Wood Business

Industry News News Harvesting
Loggers are the ‘canary in the woods’: American Loggers Council

May 19, 2022  By American Loggers Council

Like the proverbial “canary in the mine” that alerted miners to dangerous conditions and warned them, loggers are the “canary in the woods” regarding the timber and forest products industry. Loggers and truckers are “dropping” like canaries. This should be a warning to the timber and forest products industry.

If a tree falls in the woods and no one is around to hear it, does it make a sound?

Well, a large tree recently fell in the woods, and it made a sound! Bobby and Lori Goodson of the acclaimed series “Swamp Loggers” recently announced that after more than 40 years they have decided to shut down their logging and trucking businesses due to the fact that it was no longer profitable under the current conditions.

Instead of “not making a sound” the Goodsons took the opportunity to publicly announce their decision via a YouTube video from their kitchen counter. Making this decision was obviously a very difficult personal choice, but like always, Bobby and Lori put the timber industry above their personal privacy and shared this publicly in an effort to bring the current overwhelmingly challenging business environment threat to the attention of those controlling the markets and policies. The Goodsons are the canaries warning the forest products industry that the logging and trucking sector is not sustainable under the current model.


The forest products industry and the public policymakers can heed the warning that the Goodsons have shared or ignore it and live with the consequences.

Fuel costs have proven to be the “straw that broke the camel’s back”. Some mills have been professional and responsive in providing fuel adjustments, but most have not, and many have only provided a portion of the actual increase in production and transportation costs.

Those who feign that they don’t fully know what the additional costs are, employ a tried and true negotiating strategy of requesting that you provide a breakdown so that they can better understand your costs. This is merely a delay tactic that usually results in a response that is:

A day late and a dollar short

In order to provide loggers and truckers with the resource to respond to this ongoing strategy, the Virginia Loggers Association worked with Dr. Joseph Conrad from the University of Georgia to provide an objective analysis of the incremental (per 10 cents per gallon) additional costs for production and transportation. Unfortunately, this information has not resulted in consistent or adequate fuel adjustments for loggers and truckers from many of the mills.

Ironically, the mill inbound supplies and outbound transportation fuel surcharge is not debated by the mills. The vendor tells the mill what the fuel surcharge is going to be and the mills pay it, otherwise the vendors don’t provide the service. The mills just incorporate that expense into the end product cost which has resulted in record profits for many mills.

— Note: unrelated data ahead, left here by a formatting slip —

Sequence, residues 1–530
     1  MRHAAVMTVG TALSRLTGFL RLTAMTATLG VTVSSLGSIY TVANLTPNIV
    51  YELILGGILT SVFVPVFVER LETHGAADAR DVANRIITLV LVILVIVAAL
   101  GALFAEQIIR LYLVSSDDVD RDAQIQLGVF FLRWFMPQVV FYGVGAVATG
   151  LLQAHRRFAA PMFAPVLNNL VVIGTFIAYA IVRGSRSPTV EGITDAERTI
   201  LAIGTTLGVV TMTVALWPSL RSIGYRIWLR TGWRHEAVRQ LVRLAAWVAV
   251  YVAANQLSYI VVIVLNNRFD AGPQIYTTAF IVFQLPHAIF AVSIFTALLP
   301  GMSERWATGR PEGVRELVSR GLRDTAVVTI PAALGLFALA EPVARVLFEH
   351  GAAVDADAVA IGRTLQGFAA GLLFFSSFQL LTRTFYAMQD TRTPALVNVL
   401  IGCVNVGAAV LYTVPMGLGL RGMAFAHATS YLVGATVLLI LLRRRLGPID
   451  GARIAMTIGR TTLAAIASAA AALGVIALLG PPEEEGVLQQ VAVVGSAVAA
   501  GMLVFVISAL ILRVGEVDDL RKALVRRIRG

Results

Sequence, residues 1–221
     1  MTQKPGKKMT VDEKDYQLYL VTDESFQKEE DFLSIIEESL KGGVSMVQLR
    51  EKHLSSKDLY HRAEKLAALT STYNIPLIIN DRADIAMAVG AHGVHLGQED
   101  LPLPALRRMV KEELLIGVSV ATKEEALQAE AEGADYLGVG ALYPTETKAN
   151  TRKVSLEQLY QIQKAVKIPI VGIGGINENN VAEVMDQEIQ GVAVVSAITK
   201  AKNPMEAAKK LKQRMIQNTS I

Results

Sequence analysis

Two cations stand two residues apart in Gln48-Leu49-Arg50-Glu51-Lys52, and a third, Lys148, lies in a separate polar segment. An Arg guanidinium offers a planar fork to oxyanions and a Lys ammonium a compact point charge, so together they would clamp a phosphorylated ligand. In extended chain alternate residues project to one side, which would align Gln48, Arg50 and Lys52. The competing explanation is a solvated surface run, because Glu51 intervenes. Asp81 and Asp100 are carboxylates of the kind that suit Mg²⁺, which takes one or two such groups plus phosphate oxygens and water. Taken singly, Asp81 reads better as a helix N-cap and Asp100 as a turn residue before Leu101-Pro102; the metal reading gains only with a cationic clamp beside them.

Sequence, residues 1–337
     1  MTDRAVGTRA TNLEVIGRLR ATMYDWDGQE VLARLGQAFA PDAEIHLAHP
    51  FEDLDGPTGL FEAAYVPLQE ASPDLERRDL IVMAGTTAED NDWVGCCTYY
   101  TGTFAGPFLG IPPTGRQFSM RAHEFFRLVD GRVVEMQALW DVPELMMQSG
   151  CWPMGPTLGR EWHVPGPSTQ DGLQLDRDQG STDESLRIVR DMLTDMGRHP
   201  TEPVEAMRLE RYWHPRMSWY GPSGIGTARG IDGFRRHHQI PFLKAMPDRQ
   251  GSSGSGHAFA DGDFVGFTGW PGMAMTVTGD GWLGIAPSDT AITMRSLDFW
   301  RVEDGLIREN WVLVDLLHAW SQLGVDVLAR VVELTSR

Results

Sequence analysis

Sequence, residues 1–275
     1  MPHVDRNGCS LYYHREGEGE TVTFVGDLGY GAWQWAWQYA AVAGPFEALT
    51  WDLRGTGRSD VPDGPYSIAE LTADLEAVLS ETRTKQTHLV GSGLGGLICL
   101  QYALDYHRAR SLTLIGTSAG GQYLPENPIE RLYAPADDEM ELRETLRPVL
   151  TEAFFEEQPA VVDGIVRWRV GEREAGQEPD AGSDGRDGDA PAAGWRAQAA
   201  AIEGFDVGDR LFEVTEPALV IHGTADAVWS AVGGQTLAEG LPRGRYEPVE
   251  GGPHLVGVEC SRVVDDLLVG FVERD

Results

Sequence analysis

The timber industry is the only industry that allows the “buyer” to dictate the price even when it results in the supplier losing money.

That has to change. Timber Unity in the Northwest demonstrated the effectiveness of the timber industry rallying together. If loggers and truckers would practice this unity regarding what they get paid (not in collusion or in violation of anti-trust practices) for their services and products, based on what it costs them, things could change.

Loggers and truckers are not indentured servants (although it may seem so with the amount of debt you carry). It is your business, your logging operation, your truck. Nobody can force you to work.

The timber industry model is the same as it has been for 100 years with loggers and truckers, whether in lumber camps or independent logging / trucking companies, being told what to do and if they don’t they will be replaced by a logger or trucker who will. Those days are over, there aren’t enough loggers and truckers to play against one another. If someone wants to work for less than it costs, let them, they won’t be around long.

As the old saying goes “don’t kill the goose that lays the golden egg”. This refers to killing something that brings one wealth. The loggers and truckers are the “golden goose” which has brought record wealth to many in the forest products industry. Those who are benefitting are risking killing the goose that lays the golden egg.

Since there is a proverbial theme to this as we See it column – the goose that lays the golden egg, the straw that broke the camel’s back, the tree falling in the woods, and the canary in the mine, I want to close with a biblical proverb: “A false balance is an abomination to the Lord, but a just weight is his delight” – Proverbs 11:1.

Meaning one should use an honest scale and pay someone a fair amount, because a labourer is worthy of his wages.

Print this page


Stories continue below